Today, President Obama is meeting with the Danish Prime Minister Helle Thorning-Schmidt to discuss, among other things, “green growth, and economic development.” This is a good reminder that President Obama would like the U.S. to emulate Denmark’s incredibly expensive energy policies.
On multiple occasions, President Obama has cited Denmark’s energy policy as a model for the United States. This is in line with President Obama’s statement that “under my plan . . . electricity prices would necessarily skyrocket.” After all, residential electricity prices in Denmark are the highest in Europe—41.2 cents (€ 0.3078) per kWh compared to 11.82 cents per kWh in the U.S.
One of the main drivers of Denmark’s high residential electricity prices is their promotion of wind power. To evaluate claims by President Obama that Denmark is a good model for a “green” economy, IER commission a study to example the true impacts of Denmark’s promotion of wind power. Here’s what the researchers found:
The findings of this study cast serious doubt on the accuracy of the statement that Danes satisfy “20 percent of their electricity through wind power.” The report finds that in 2006 scarcely five percent of the nation’s electricity demand was met by wind. And over the past five years, the average is less than 10 percent — despite Denmark having ‘carpeted’ its land with the machines.
- Subsidies. Government subsidy of wind producers over the past decade amounts to roughly $376 million per year. As the decade has advanced, the rate of new building in Denmark has declined sharply — and to maintain their sales, just as in Spain, manufacturers have been forced to concentrate on exporting their technology to foreign markets (USA) where the subsidy potential is higher.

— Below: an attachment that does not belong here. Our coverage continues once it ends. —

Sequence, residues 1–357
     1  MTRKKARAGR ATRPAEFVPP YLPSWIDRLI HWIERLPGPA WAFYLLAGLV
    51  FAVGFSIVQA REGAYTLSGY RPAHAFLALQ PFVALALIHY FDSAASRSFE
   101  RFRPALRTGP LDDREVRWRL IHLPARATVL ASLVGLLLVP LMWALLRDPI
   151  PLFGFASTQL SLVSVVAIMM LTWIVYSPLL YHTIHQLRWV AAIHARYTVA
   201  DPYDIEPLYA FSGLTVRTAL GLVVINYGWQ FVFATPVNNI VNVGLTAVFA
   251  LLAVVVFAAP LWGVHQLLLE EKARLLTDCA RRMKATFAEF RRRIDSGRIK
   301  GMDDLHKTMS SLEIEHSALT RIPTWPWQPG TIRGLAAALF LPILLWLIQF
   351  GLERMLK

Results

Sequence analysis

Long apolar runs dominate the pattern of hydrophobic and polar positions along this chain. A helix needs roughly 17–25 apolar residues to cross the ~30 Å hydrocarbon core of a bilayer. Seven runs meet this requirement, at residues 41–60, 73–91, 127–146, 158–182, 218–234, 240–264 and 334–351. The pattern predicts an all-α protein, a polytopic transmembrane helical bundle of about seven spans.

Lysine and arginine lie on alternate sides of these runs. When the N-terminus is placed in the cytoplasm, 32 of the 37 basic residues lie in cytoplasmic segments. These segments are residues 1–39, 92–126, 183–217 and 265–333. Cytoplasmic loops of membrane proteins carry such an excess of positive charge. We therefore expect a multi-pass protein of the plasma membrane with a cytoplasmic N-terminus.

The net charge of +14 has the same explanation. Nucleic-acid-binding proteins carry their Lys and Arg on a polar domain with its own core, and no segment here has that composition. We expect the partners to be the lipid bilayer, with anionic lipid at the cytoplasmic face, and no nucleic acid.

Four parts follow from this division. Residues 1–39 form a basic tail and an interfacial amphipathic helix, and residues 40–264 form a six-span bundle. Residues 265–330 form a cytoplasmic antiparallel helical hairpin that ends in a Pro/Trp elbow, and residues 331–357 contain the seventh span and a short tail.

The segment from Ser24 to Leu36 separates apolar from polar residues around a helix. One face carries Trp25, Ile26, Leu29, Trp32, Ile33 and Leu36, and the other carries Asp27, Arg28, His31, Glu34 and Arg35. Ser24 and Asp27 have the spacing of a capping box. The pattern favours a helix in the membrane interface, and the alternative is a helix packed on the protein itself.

- Employment. The public subsidy in Denmark per wind-related job created is 600,000-900,000 DKK per year ($90,000-$140,000 USD). This subsidy constitutes 175-250 percent of the average pay per worker in the Danish manufacturing industry.
- Electricity rates. Thanks to a combination of expensive base power, taxes and additional charges, Danes pay more for their electricity than anyone in the European Union.
- Emissions. The wind power exported from Denmark saves neither fossil fuel consumption nor CO2 emissions in Denmark, where it is all paid for. By necessity, wind power exported to Norway and Sweden supplants largely carbon neutral electricity in the Nordic countries. No coal is used, nor will you find power-related CO2 emissions in Sweden and Norway.
- Exports. Over the last eight years West Denmark has exported (couldn’t use), on average, 57 percent of the wind power it generated and East Denmark an average of 45 percent. Denmark sells this power to its neighbors at almost no cost, asking only that its neighbors sell some of their baseload power back to Denmark on the frequent occasions in which the wind does not blow there.
Electricity prices are already skyrocketing in the United States without more Danish-style policies, but President Obama is continuing his push to increase the cost of electricity through a new “clean energy standard.” There is no need to follow Denmark’s lead on driving up electricity prices. Enough is enough.